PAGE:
jump of 26 feet 7-11/16 inches.
Right: Don Bragg practicing the pole vault
before the games opened. He went on to win the
gold medal with a vault of 15 feet 5-1/16 inches,
an Olympic record.
A hammer throw
of 220 feet 2-11/16 inches by Vasily Rudenkov of
the Soviet Union set a new Olympic record.
Another Olympic record was set by Peter Snell of
New Zealand, who narrowly defeated Roger Moens of
Belgium in the 800-meter with a time of 1 minute
46.3 seconds. Armin Hary of Germany won the
100-meter in an Olympic record 10.2 seconds in a
photo finish with Dave Sime of the United States.
Left: Peter Snell touching the tape at the
finish line just ahead of Roger Moens to win the
800-meter race in the time of 1 minute 46.3
Track and Field, Women
Wilma Rudolph of
the United States earned individual gold medals
in the 100- and 200-meter races and was part of
the gold medal-winning 400-meter relay team.
Although her time of 11 seconds in the 100-meter
broke the world record, she was denied that
record because officials determined that she had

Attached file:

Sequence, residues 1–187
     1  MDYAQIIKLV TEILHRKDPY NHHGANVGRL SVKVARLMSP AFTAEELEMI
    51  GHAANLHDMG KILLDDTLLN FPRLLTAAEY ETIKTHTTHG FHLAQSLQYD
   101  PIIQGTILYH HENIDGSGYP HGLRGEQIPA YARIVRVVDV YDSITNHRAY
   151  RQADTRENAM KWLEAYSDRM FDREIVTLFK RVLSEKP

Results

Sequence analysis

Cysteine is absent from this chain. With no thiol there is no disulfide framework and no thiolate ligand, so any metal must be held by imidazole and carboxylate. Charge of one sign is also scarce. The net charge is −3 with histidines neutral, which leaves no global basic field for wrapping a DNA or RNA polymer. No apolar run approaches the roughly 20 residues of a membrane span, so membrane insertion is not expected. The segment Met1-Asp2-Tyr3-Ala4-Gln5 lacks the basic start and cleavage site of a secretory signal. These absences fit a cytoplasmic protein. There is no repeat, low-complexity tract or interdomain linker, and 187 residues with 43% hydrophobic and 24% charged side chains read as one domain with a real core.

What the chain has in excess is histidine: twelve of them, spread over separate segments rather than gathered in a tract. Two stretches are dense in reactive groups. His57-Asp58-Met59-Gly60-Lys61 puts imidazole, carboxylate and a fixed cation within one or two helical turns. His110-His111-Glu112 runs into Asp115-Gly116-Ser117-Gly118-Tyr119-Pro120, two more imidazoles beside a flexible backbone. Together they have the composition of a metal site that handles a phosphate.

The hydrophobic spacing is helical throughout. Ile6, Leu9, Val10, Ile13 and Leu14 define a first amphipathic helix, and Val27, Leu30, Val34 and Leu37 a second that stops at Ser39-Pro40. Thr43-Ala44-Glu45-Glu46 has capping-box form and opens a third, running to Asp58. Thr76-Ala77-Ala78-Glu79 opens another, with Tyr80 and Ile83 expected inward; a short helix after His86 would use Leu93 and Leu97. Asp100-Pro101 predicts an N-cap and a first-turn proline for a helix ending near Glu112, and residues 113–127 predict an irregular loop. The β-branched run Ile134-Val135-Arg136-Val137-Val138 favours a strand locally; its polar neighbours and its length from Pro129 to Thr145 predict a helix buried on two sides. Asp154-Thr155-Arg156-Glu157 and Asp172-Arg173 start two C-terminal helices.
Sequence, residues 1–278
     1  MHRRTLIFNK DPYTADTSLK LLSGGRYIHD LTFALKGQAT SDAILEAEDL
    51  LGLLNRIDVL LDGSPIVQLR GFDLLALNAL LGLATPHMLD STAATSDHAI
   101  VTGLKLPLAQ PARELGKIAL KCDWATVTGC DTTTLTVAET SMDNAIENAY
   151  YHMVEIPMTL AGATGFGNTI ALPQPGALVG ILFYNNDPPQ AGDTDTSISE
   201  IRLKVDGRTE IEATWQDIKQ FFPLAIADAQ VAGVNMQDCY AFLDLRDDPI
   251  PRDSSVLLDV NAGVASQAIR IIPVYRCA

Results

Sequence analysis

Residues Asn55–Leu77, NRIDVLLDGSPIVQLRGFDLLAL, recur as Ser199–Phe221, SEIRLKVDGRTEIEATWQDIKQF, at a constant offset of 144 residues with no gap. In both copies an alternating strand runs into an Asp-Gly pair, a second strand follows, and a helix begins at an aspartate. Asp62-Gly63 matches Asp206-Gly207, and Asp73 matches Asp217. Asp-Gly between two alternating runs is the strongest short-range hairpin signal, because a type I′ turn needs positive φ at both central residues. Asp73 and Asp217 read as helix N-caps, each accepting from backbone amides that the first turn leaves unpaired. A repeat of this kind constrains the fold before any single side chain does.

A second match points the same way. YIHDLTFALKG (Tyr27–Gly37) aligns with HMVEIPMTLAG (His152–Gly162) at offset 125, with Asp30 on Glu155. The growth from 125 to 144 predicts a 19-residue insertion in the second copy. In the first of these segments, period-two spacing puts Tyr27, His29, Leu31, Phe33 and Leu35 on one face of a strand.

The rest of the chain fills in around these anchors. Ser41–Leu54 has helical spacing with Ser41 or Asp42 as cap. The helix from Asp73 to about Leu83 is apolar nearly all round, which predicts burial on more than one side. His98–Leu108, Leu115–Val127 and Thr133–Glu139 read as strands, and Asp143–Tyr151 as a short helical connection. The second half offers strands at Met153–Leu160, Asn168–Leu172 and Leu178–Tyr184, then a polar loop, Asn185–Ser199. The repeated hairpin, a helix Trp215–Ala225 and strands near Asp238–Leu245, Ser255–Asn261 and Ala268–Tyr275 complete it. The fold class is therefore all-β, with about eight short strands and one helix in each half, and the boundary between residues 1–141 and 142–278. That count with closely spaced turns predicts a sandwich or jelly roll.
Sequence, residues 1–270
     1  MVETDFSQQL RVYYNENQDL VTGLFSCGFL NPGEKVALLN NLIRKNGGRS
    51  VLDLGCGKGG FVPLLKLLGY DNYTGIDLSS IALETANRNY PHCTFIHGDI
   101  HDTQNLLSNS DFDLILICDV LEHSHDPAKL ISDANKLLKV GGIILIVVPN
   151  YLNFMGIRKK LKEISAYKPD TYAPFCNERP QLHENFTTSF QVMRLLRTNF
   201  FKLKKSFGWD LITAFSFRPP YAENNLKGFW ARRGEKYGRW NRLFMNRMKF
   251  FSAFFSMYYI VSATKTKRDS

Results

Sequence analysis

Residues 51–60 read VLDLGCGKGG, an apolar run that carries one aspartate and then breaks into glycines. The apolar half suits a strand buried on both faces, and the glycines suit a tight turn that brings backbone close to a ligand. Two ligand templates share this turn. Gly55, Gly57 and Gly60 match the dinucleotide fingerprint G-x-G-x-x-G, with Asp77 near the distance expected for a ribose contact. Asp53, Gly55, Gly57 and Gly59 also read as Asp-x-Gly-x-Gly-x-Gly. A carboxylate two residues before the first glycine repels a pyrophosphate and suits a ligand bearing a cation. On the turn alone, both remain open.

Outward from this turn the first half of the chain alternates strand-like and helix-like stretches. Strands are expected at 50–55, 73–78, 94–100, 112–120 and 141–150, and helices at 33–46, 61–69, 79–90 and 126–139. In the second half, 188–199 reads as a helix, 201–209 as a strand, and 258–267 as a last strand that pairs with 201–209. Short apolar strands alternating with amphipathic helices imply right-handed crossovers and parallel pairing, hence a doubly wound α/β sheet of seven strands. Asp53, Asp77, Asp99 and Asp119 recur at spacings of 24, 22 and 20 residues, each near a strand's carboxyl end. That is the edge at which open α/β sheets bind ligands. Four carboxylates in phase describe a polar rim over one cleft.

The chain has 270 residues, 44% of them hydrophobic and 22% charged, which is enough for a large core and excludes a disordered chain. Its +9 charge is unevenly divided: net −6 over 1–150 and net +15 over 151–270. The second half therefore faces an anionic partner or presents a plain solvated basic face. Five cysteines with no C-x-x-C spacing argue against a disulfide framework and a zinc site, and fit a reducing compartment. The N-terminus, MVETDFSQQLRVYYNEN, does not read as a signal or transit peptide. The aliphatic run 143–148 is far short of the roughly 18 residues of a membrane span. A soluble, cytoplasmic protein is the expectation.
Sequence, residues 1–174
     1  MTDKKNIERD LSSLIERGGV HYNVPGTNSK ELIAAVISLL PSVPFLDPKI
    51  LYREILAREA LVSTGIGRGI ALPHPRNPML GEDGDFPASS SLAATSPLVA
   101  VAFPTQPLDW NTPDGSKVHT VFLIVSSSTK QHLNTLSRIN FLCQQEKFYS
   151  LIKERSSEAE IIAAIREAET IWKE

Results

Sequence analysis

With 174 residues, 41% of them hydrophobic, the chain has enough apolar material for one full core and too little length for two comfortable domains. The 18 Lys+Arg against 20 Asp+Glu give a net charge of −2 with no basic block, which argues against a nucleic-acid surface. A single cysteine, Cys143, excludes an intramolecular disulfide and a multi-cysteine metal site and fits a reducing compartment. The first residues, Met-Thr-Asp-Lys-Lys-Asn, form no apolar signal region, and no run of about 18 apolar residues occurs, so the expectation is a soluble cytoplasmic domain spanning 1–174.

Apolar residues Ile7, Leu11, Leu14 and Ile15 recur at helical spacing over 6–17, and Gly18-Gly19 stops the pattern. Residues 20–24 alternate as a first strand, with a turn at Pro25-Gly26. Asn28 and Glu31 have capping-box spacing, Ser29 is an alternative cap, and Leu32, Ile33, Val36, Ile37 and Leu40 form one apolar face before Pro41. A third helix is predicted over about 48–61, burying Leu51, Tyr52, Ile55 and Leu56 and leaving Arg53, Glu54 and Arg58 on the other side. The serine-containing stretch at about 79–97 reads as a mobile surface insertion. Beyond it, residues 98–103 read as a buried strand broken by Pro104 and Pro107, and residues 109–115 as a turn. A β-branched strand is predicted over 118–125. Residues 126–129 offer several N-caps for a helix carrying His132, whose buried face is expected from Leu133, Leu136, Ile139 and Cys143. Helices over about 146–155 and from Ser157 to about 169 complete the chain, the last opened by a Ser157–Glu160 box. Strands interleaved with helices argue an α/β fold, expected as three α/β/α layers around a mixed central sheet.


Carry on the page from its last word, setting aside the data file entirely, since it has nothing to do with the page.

been aided by excessive following winds. She did
set a new Olympic record of 23.2 seconds in the
200-meter and, with Martha Hudson, Lucinda
Williams, and Barbara Jones, set a new world
record of 44.4 seconds in the 400-meter relay
trials; the relay team won the final in 44.5
Left: Wilma Rudolph winning the women's
100-meter sprint. She also won the 200-meter race
and anchored the victorious 400-meter relay team.
All but one of
the other events were won by athletes from the
U.S.S.R., four of whom also set new Olympic
records: Vera Krepkina, with a broad jump of 20
feet 10-13/14 inches; Tamara Press, with a
shot-put of 56 feet 9-7/8 inches; Nina
Ponomareva, with a discus throw of 180 feet 9-1/4
inces; and Elvira Ozolina, with a javelin throw
of 183 feet 7-13/16 inches. Ludmila Shevcova tied